Remote Work is a Thing!

Remote work is here to stay, even beyond our current pandemic. This blog discusses strategies for companies to set up themselves up for Remote Leadership Success.

General Strategy

This is part five of a five-part series on the realities of remote working.

If none of the other reasons for supporting remote work has touched your heart, this one should.

Everyone's remote so they're on equal footing when it comes to scheduling, evaluations, and promotions.

In Part 3 of this series, I talked about how "remote working humanizes employees and managers." By putting everyone on equal footing, no one felt like they have a visibility advantage because they happened to be in the office. This kind of "visibility issue" existed before the pandemic for employees who didn't work at "headquarters," but until the pandemic, not everyone experienced that unintended visibility deficit. Now that we're currently all on videoconferencing, we have to cooperate and collaborate differently and more intentionally.

This is part four of a five-part series on the realities of remote working.

A recent article in HR Executive Magazine shows that employees are already concerned about being forced back into the office for health reasons. Responding to those concerns appropriately can allay fears and engender loyalty.

Companies that accommodate remote working are rewarded by employees who are appreciative and less likely to go elsewhere.

The tectonic plates of our work culture have permanently shifted. Executives and corporate leaders must be prepared to lose talent if they insist that everyone return to the way things were pre-pandemic. You don't have to take my word for it, HR Executive Magazine spells it out for us.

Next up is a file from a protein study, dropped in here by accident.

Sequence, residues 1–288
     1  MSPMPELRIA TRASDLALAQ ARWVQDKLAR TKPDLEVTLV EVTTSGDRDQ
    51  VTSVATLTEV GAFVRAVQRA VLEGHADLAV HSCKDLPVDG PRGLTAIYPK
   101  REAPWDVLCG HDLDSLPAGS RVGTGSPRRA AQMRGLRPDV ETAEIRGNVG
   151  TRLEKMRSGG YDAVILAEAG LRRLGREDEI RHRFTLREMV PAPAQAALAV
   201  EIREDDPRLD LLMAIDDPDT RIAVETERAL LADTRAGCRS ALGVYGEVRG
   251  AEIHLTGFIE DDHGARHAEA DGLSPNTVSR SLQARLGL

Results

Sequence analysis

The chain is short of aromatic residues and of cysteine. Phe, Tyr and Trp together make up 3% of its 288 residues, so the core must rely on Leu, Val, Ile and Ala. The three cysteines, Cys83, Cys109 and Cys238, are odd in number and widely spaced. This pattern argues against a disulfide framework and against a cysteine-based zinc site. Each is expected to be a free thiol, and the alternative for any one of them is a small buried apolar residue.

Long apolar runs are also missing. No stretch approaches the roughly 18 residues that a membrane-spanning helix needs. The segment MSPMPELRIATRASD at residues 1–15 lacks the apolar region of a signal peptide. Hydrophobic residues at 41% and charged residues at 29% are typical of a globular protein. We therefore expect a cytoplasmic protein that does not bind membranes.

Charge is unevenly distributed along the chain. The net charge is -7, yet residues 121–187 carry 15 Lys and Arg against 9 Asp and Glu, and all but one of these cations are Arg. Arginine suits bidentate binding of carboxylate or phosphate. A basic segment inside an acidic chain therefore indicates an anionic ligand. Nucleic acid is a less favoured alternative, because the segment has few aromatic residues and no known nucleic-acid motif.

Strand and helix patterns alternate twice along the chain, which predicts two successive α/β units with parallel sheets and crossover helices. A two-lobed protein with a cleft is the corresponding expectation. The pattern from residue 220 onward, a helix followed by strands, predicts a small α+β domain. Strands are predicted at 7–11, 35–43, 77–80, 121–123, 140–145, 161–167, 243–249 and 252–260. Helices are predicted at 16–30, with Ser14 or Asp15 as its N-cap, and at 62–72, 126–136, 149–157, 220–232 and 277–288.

This is the third of a five-part series on the realities of remote work.

Given the challenges that the pandemic thrust upon us, being flexible has been a key not only for successful remote working, but also in our personal lives.

Remote working acknowledges that employees have a difficult work/life balance (children, elders, care-giving) that has always been there, but is now visible for all to see.

When the pandemic locked us down and everyone who could was working from home, life became both simpler and more complex. We were able to skip the commute, which added anywhere from 1 to 3 hours per day (or more). We constructed our home offices (workstation, spare room, cubbyhole, etc.) and did our best to focus on work. We continued to juggle children, elder care, and daily life, but now all of that effort became visible in ways we weren't expecting. Smart managers embraced the flexibility themselves, and rolled with the changes as we adjusted to this way of collaborating.

This is the second of a five-series on the key realities of remote work imposed on us by the COVID-19 pandemic.

Despite having to carve out a place to work, set boundaries with spouses, and manage children who are learning remotely, productivity actually went up when workers stayed home. Given that there was a greater opportunity for privacy while working, it's not surprising that productivity went up.

Remote working reverses the movement towards open plan offices that have proven to be far less productive than quiet, dedicated spaces, whether at home or at co-working locations.

This is the first of a five-series on the key realities of remote work imposed on us by the COVID-19 pandemic.

Remote work is not new; it's just new to more people than ever before. Approximately 40% of the US workforce are office workers, but only about 7% of those workers had remote work as a benefit or perk prior to the pandemic.

Tech companies have allowed it for years.

My first experience with working remotely came on a 1995 trip to South America for Microsoft. I successfully avoided frying my laptop with step-down transformer that converted 240 volts to 120 volts. Then there were the telephone adapters to connect, and trying to use a modem over a hotel land line. Being able to work remotely is so much easier now than in those early days.

Remote Leadership Success Blog